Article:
Sajid Javid reacts to scrapping of coronavirus restrictions
We use your sign-up to provide content in ways you’ve consented to and to improve our understanding of you. This may include adverts from us and 3rd parties based on our understanding. You can unsubscribe at any time. More info
New statistics from the World Health Organisation (WHO) showed that lockdown-free Sweden had fewer excess deaths than Germany. The data challenges the narrative that countries that imposed the strictest coronavirus restrictions on their citizens saved the most lives. The latest estimates of excess deaths during the pandemic, produced by the WHO, have shown that nations like Sweden that imposed very few restrictions, had fewer excess deaths from the pathogen than nations that imposed strict lockdown conditions.
Sweden did not follow the rest of Europe into lockdown in the spring of 2020.
The Scandinavian nation, unlike its neighbours, imposed much lighter restrictions.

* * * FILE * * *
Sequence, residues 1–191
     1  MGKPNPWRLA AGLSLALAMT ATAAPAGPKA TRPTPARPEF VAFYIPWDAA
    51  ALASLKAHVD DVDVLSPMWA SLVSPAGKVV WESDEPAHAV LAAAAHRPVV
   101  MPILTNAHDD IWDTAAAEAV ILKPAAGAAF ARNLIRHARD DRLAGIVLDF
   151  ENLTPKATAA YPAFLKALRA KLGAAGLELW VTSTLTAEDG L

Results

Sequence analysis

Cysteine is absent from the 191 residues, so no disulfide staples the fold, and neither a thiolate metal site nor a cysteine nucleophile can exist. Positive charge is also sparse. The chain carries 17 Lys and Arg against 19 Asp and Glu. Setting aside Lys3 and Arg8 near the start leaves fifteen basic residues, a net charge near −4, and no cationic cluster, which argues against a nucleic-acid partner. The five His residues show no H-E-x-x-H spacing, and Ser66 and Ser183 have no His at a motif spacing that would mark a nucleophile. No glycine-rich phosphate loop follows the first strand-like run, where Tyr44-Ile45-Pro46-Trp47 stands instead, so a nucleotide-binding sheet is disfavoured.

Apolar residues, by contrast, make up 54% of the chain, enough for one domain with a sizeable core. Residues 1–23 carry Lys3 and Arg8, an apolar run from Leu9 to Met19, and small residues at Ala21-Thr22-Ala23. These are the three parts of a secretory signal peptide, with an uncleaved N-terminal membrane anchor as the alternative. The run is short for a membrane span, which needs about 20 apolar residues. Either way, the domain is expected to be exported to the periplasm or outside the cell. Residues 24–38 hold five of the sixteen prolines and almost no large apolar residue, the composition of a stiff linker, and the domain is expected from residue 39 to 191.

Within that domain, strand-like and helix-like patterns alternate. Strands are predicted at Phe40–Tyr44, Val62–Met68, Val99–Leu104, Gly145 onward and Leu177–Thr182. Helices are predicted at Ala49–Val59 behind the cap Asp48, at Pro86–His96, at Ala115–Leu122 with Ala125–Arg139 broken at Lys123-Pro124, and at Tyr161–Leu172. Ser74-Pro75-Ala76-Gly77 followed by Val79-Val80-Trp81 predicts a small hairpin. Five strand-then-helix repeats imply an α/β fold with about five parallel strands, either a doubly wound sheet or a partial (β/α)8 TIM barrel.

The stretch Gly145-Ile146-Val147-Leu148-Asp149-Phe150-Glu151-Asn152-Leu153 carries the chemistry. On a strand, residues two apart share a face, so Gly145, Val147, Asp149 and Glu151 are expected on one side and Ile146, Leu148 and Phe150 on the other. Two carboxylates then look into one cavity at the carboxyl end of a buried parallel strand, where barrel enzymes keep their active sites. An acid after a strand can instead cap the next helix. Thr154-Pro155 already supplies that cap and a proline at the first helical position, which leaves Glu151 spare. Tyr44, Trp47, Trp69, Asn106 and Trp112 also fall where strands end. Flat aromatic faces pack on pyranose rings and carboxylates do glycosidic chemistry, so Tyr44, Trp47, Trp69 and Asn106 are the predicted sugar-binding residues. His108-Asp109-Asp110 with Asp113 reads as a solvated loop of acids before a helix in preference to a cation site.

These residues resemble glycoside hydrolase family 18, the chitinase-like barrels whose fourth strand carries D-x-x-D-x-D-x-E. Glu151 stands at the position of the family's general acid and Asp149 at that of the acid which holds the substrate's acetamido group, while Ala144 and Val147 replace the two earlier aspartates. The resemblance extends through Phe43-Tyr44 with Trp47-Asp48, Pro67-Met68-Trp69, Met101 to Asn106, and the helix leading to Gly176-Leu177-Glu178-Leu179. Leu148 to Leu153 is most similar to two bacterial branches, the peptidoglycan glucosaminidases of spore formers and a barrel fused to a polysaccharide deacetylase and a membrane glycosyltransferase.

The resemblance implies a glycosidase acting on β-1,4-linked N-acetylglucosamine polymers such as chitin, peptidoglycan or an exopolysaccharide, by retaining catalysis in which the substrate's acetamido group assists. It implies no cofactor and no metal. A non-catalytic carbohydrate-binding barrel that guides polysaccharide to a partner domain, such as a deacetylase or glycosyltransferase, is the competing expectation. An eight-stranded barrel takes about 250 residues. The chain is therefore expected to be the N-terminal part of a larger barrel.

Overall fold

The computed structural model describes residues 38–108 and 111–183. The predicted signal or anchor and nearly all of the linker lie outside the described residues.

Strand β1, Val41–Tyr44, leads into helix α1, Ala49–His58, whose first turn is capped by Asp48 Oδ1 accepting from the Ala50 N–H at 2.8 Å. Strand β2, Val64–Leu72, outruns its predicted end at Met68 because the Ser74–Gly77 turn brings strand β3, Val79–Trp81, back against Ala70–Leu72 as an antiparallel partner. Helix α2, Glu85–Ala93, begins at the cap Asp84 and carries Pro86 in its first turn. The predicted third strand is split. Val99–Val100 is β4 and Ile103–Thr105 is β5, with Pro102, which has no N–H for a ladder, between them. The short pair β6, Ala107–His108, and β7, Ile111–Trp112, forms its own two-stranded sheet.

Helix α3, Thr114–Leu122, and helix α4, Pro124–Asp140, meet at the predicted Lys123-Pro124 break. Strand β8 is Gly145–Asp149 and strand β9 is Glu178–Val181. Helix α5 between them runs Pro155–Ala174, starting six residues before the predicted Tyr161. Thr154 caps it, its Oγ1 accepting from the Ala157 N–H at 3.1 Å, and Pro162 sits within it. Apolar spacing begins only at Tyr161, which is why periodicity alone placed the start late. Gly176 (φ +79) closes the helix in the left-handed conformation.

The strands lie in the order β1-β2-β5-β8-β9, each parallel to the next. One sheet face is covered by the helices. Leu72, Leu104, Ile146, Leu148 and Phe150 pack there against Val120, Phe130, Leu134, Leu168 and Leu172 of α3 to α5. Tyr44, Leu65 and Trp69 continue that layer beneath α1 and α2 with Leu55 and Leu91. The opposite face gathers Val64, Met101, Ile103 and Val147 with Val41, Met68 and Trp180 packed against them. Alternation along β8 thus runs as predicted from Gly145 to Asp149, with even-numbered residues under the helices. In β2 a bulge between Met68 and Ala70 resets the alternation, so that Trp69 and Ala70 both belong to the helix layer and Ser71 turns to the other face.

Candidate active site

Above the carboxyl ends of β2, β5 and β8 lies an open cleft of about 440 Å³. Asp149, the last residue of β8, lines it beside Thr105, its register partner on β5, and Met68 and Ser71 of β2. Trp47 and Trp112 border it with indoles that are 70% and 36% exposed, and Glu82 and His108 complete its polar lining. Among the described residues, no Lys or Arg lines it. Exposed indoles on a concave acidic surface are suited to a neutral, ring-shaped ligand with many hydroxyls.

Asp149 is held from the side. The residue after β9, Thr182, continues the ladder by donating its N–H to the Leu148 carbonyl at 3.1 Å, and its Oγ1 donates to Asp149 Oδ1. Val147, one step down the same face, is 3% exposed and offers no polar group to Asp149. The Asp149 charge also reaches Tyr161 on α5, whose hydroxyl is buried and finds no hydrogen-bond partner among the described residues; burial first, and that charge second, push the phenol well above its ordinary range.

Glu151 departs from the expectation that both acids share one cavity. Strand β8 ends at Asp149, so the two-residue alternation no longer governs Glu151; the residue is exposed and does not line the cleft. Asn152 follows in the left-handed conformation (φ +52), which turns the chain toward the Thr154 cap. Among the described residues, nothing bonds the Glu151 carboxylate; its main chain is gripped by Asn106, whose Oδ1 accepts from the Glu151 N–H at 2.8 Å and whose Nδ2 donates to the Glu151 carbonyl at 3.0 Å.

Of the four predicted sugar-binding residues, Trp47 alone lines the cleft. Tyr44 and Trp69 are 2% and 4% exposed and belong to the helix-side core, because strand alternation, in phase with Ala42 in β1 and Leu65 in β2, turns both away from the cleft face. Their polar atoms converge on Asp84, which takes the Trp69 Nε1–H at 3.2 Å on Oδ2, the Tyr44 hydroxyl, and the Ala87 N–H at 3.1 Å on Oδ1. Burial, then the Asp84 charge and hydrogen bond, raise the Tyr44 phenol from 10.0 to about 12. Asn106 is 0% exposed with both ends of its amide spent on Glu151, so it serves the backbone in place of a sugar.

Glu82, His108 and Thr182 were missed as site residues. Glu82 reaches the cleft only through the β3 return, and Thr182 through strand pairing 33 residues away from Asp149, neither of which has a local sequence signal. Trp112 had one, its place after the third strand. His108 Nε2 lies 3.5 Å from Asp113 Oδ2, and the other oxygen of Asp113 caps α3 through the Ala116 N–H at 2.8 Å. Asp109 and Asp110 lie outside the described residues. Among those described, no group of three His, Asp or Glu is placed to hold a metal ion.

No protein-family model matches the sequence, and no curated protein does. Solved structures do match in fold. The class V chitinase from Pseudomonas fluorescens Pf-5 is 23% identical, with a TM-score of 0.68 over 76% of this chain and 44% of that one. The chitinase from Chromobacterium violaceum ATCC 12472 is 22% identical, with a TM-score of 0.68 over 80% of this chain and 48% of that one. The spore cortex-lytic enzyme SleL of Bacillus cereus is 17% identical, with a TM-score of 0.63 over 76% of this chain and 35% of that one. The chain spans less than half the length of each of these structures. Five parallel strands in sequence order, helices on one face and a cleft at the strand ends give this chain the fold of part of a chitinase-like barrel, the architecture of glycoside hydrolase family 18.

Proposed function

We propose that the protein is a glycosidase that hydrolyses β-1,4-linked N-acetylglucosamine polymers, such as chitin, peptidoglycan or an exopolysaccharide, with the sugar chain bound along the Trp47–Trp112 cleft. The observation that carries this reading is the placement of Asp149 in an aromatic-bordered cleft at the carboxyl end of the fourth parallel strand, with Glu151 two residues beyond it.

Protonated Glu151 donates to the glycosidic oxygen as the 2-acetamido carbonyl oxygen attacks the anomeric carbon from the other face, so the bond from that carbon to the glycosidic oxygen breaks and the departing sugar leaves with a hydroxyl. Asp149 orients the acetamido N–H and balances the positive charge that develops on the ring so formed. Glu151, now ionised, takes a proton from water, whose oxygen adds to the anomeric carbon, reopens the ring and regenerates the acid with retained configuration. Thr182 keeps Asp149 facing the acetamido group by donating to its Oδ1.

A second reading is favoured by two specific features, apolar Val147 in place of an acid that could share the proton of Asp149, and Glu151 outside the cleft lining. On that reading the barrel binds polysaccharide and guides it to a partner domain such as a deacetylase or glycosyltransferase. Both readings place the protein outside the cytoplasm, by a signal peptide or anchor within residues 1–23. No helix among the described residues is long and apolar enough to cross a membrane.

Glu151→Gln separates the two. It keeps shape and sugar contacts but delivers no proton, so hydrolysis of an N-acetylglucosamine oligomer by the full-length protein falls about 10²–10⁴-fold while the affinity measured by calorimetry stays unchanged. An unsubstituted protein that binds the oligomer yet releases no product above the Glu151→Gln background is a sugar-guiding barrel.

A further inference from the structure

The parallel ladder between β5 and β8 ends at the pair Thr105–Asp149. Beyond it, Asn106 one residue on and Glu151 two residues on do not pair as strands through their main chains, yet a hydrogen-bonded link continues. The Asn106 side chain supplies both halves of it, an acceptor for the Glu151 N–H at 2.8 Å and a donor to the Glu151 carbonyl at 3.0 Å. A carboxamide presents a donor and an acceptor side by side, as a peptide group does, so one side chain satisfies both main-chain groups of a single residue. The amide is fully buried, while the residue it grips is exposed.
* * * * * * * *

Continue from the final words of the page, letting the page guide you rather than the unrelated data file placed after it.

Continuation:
When most Europeans were forbidden from leaving their homes without a reasonable excuse Swedes were free to go to bars, restaurants, cafés and shops.
The nation’s schools remained open for all pupils under 16.
Large gatherings were banned, but the Swedish government largely relied on trusting the public to follow the guidance.
The nation did not impose social isolation by decree.
In the face of their less aggressive stance on coronavirus, the global reaction to Sweden was relentlessly negative.
The New York Times repeatedly branded Sweden a “pariah state” because if its no-lockdown policy.
The nation was even labelled “the world’s cautionary tale”.
The UK’s Guardian, which was once a fan of Swedish social democracy, denounced the Nordic nation as being a ‘model’ nation for right-wingers.
The Guardian branded Sweden’s coronavirus policy as “deadly folly”.
Proponents of strict lockdown declared that Swedes had opted to “live free and die”.
However, the WHO’s excess-death estimates paint a different picture.
Sweden experienced some of the lowest excess-death rates in the EU between January 2020 and January 2022.
ITV’s political editor, Robert Peston, said he finds it “striking” that the UK “no longer seems to have had the worst death rate among richer countries”.
The UK was found to have had fewer excess deaths than many other developed countries.
This was contrary to mass media in other nations that pushed the narrative that the UK was top of the list when it came to the coronavirus death rate.
Source: Read Full Article